It is as if Africa’s proud history of liberation, from Patrice Lumumba to Nelson Mandela, has been consigned to oblivion by a new master’s black colonial elite, whose “historic mission”, Frantz Fanon warned half a century ago, is the promotion of “a capitalism rampant though camouflaged”.

A striking example is the eastern Congo, a treasure trove of strategic minerals, controlled by an atrocious rebel group known as the M23, which in turn is run by Uganda and Rwanda, the proxies of Washington.

Long planned as a “mission” for Nato (not to mention the ever-zealous French, whose colonial lost causes remain on permanent standby), the war on Africa became urgent in 2011 when the Arab world appeared to be liberating itself from the Mubaraks and other clients of Washington and Europe. The hysteria this caused in imperial capitals cannot be exaggerated. Nato bombers were des patched not to Tunis or Cairo but to Libya, where Muammar al-Gaddafi ruled over Africa’s largest oil reserves. With the Libyan city of Sirte reduced to rubble, the British SAS directed the “rebel” militias in what has since been exposed as a racist bloodbath.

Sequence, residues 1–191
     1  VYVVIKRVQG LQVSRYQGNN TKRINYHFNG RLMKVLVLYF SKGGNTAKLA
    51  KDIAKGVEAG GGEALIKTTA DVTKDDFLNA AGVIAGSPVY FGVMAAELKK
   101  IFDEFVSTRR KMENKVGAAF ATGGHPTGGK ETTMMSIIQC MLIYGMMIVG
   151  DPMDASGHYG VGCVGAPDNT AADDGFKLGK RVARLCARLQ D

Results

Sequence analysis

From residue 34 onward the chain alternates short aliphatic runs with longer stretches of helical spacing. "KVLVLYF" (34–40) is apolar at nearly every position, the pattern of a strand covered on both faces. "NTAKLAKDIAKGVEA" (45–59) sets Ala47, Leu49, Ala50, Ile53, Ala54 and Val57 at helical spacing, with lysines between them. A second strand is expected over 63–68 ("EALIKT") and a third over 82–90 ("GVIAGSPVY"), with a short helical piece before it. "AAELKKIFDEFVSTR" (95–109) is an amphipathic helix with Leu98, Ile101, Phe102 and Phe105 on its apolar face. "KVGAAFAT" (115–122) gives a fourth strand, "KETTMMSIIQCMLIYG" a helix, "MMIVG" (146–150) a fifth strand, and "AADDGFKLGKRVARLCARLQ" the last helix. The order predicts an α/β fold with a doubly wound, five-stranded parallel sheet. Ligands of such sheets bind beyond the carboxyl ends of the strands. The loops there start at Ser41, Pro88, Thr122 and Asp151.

The indigenous people of the Sahara, the Tuaregs, whose Berber fighters Gaddafi had protected, fled home across Algeria to Mali, where the Tuaregs have been claiming a separate state since the 1960s. As the ever watchful Patrick Cockburn points out, it is this local dispute, not al-Qaeda, that the west fears most in north-west Africa. He writes, “poor though the Tuareg may be, they are often living on top of great reserves of oil, gas, uranium and [other] valuable minerals”.